Wildfires have raged in Australia since Jul. 2019, killing 28 people and millions of animals. They have burned through the continent with about 12.35 million acres of land damaged, affecting every state. Experts say hotter and drier conditions have led to a more amplified and destructive bushfire season. These fires must be analyzed in direct connection with the climate crisis; failure to do so means failure to recognize the most obvious truths on the climate crisis.
While the fires burned across Australia, business leaders, climate change activists and heads of state from across the globe wrapped up discussions at the World Economic Forum in Davos, Switzerland last week on Jan. 24. Some attendees proposed solutions like putting a global price on carbon and planting trees. At the same time, they rejected divesting from fossil fuel companies and ending fossil fuel development in areas prone to sea level rise. These events that transpired at Davos dismissed any possibility for real change from the economic elite, and perpetuated the pattern of placing responsibility on individuals rather than corporations. The fact that the inaction displayed at Davos occurred during the ongoing tragedy in Australia further showed the serious disconnect between these elites and the real world.
A shining light, though, was the climate march held on the last day of the conference. Activists such as Greta Thunberg, Vanessa Nakate and Luisa Neubauer protested against fossil fuel investment while demanding that serious action take place. The march was also a reminder that real change comes from grassroots organizations, not cocktail conversations among the wealthy.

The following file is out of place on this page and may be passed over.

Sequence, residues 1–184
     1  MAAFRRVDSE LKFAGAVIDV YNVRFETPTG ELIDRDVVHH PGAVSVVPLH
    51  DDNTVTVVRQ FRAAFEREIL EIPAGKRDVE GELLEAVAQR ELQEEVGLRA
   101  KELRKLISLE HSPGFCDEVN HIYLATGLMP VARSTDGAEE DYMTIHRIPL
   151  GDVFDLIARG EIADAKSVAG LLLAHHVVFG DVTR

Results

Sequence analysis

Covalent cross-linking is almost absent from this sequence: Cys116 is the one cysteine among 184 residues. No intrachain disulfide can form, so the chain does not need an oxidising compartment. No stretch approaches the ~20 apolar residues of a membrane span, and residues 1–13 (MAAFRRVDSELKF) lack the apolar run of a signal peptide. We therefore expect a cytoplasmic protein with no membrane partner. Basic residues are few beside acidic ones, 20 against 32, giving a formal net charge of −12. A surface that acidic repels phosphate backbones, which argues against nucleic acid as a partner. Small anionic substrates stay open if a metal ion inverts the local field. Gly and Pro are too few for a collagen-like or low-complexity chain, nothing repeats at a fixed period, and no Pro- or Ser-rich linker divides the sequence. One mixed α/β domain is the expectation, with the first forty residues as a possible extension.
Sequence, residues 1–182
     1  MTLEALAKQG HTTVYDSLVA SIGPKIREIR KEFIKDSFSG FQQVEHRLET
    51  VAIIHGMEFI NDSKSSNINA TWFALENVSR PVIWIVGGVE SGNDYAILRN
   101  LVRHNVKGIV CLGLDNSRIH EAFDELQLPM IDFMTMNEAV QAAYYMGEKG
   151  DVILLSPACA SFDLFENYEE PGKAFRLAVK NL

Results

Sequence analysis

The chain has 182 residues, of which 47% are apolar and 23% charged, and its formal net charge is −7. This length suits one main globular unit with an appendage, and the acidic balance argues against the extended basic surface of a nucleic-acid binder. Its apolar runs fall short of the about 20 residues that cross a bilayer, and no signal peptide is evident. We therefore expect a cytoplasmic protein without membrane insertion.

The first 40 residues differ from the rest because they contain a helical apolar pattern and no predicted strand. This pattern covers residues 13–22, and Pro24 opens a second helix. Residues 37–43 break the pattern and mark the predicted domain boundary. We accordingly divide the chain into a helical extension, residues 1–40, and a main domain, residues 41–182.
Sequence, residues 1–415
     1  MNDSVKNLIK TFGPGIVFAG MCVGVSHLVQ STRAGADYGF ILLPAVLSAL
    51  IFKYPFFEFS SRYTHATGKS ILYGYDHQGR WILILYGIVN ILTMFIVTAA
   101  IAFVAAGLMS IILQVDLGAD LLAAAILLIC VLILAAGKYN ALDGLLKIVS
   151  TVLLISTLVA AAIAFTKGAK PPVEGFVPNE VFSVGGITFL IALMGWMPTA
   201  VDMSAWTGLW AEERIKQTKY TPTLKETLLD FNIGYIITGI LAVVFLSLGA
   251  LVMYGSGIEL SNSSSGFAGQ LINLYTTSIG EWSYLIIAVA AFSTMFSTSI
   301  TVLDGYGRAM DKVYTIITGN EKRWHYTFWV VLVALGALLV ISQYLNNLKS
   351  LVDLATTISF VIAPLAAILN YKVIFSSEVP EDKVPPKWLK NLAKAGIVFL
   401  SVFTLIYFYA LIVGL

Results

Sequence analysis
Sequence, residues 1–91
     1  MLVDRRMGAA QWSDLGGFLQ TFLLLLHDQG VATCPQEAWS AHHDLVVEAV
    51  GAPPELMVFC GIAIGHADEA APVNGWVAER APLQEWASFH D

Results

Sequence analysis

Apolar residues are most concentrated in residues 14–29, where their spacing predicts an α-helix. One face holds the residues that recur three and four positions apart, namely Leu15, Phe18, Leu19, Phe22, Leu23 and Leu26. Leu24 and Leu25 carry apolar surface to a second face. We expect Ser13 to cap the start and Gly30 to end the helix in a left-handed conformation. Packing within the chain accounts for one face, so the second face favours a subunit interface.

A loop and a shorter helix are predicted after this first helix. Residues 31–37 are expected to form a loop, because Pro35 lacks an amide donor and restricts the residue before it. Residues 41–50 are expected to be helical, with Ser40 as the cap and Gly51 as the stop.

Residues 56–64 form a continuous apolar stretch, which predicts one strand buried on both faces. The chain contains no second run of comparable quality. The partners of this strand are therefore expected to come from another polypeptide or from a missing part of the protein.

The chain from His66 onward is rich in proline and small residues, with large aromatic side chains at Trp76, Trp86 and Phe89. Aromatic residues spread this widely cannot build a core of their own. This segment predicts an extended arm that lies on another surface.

The march serves to show the role that protesting in university spaces has played in combating corporate agendas.
A notable example of this is the protests for racial justice and inclusion that took place at the University of Missouri in 2015. After weeks of organization and marching, students at the university were able to create a local movement based around demands like a racial inclusion and awareness program and the resignation of the president. In the end, their efforts were rewarded, as the president stepped down. This event shows exactly how the university can be a space for progress and effective protest.
In that same vein, it is our responsibility as students to directly oppose the inaction shown at Davos and push for ideas that tackle the root causes of climate change to have any chance of preventing the disasters of the future. Furthermore, we can look toward the example that other college students have set.
On Jan. 10, tens of thousands of activists led by Uni Students for Climate Justice marched in major cities in Australia to call for the government to do more to stop climate change and its effects. Their actions are commendable and act as an example for what must be done by us as NYU students. Through grassroots organizing, we can tackle head-on the problems of the climate crisis and its devastating effects.
A version of this article appeared in the Monday, Jan. 27, 2020 print edition. Email the Editorial Board at [email protected]